Solar flare

Growing up on a farm near St. Louis, SK, Philip Boutin channeled the power of the sun to electrify cattle fences using solar panels he and his father installed.

"Using the land for your survival but also protecting it and living as one with nature are core beliefs I share through my mother and grandfather's Métis ancestors," said Boutin, now a University of Saskatchewan chemistry PhD student.

Boutin has been awarded a $20,000 Queen Elizabeth II Centennial Aboriginal Scholarship from the Saskatchewan government to research how solar cells can be more efficient and long-lasting using new low-cost materials. His results were published last year in the Journal of Physical Chemistry Letters.

"Boutin's results can guide the synthesis of the next generation of new materials used for solar cells," said chemistry professor Ronald Steer, Boutin's co-supervisor. "This research is part of a worldwide effort to replace methods of generating electricity from fossil fuels."

Saskatchewan, Canada's sunniest province, is an ideal place for environmentally friendly, renewable solar energy.

Boutin does experiments on a new carbon-based material, developed at the University of Melbourne in Australia, that holds promise to improve photovoltaics, the conversion of solar power into energy.

The current challenge with solar panels is that they do not absorb all of the light that reaches them. Even the best silicon solar cells ever certified have a 25 per cent efficiency and huge amounts of energy are lost.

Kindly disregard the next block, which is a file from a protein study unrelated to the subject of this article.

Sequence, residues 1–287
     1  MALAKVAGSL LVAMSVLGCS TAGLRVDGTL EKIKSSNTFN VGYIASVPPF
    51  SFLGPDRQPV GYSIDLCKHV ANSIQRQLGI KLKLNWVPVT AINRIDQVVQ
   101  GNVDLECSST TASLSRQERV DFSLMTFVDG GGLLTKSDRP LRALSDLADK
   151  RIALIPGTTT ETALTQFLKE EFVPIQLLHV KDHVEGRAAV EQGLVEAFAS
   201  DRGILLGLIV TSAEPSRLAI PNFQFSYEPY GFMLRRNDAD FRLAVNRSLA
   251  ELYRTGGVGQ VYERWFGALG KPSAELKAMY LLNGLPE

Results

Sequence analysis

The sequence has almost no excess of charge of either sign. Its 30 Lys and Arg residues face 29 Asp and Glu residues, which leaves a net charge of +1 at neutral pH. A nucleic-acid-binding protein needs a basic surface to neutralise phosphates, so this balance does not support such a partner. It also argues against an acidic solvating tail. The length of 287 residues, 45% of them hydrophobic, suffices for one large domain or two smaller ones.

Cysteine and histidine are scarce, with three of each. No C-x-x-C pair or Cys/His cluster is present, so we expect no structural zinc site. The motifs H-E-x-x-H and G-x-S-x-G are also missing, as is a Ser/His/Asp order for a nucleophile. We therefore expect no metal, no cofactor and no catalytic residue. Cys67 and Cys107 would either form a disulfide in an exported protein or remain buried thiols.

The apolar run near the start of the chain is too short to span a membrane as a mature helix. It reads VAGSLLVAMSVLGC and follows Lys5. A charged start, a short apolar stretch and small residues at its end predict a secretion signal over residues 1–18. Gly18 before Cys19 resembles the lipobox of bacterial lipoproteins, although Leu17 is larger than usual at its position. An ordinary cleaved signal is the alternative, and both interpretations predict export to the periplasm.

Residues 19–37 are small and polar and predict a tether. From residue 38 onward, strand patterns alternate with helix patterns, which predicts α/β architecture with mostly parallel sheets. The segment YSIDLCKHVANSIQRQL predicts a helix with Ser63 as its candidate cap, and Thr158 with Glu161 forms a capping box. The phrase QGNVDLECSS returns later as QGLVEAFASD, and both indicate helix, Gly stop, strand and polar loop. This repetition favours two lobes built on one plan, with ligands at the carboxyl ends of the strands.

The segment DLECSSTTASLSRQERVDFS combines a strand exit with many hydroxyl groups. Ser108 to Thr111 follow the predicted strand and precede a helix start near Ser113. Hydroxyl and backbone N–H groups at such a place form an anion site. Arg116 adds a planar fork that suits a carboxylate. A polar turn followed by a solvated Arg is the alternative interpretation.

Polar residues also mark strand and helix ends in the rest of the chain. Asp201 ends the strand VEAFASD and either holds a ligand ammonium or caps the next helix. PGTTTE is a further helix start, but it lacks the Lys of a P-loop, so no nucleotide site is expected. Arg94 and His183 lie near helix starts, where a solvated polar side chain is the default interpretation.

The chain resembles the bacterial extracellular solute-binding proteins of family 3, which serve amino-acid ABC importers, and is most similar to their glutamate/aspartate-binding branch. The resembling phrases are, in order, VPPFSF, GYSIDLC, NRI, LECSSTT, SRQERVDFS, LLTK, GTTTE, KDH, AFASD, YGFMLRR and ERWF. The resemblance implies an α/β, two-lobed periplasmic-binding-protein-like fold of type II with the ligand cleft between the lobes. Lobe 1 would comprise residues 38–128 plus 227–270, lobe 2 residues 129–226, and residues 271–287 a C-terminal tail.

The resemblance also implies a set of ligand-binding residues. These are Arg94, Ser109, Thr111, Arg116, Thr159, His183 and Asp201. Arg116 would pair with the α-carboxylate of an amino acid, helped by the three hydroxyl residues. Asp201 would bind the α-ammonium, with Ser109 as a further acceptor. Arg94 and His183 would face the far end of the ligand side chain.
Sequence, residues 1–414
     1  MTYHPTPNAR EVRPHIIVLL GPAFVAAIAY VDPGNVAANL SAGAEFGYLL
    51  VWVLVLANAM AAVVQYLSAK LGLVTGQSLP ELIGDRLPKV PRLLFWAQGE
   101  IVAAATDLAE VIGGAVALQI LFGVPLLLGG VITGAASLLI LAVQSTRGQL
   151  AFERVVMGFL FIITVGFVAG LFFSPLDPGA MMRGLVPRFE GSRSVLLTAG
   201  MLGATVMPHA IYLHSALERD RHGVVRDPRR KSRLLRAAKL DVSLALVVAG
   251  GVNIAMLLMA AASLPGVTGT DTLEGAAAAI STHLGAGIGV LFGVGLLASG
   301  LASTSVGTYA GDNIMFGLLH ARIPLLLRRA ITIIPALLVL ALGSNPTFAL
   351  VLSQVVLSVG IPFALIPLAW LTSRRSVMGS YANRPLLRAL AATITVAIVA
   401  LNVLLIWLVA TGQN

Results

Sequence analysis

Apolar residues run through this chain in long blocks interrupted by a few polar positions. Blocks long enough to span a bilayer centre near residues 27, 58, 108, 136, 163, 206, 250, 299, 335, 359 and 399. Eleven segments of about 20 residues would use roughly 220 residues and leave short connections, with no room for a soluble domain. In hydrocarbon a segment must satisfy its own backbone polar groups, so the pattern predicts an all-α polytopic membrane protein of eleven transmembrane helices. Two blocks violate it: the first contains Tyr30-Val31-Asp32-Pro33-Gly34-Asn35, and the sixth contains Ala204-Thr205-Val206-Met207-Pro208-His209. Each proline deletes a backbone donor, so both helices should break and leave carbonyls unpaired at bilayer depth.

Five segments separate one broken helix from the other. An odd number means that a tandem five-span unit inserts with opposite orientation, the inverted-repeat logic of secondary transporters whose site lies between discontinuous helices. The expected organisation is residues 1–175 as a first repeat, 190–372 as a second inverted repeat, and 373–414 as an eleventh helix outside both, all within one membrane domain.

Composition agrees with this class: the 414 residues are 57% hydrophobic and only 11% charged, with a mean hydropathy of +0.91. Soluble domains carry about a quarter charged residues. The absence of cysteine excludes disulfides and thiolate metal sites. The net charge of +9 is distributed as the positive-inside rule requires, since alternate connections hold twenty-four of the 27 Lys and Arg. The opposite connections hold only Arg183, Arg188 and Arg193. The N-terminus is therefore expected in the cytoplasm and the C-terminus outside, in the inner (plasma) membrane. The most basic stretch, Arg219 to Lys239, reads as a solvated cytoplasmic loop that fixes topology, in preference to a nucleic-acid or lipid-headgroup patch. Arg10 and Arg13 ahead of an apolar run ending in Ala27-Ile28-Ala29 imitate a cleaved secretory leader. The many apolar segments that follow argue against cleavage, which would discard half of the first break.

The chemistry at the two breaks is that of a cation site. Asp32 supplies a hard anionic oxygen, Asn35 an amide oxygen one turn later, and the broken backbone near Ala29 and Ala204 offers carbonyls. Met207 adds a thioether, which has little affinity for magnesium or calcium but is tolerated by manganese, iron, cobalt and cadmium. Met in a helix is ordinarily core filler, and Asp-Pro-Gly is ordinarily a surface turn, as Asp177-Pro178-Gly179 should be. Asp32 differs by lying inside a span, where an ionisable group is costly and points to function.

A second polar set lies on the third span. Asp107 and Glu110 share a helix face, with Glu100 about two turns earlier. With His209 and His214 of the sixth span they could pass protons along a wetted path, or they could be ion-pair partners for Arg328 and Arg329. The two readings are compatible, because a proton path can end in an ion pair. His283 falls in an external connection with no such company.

"While most people focus on solar device engineering, Philip is looking at novel ways to harvest the wavelengths of sunlight that would ordinarily be wasted," said Timothy Kelly, Canada Research Chair in Photovoltaics and co-supervisor of Boutin.

Most of the sun's rays reach Earth as infrared light, undetectable by normal solar cells.

Boutin is trying to capture these infrared rays. He has bombarded the new material—a thin plastic film—with a laser to simulate the effects of infrared sunlight.

He has shown that the new material can convert these "stealth" rays into visible light, making them detectable by solar cells. The material would be placed inside or behind solar cells to produce more electrical energy.

Unlike current cells, which are made of silicon, these carbon-based cells are very cheap to produce, flexible and can be used to create solar-cell textiles.

"The MGM Grand hotel in Las Vegas uses solar-powered blinds made of a material similar to this. The hotel is meeting part of its electrical needs with it," he said.

He thinks his work could benefit isolated northern Aboriginal communities which can't always count on reliable electricity in winter.

"When a power outage occurs, technicians can reach those areas only by plane," said Boutin. "Better solar cells would help communities become self-sustainable."

U of S solar cell research is funded by the Natural Sciences and Engineering Research Council, Canada Research Chairs program, Canada Foundation for Innovation, and Western Economic Diversification Canada.

Article written by Federica Giannelli, a graduate student intern in the U of S research profile and impact unit. This article first ran as part of the 2014 Young Innovators series, an initiative of the U of S Research Profile office in partnership with the Saskatoon StarPhoenix.
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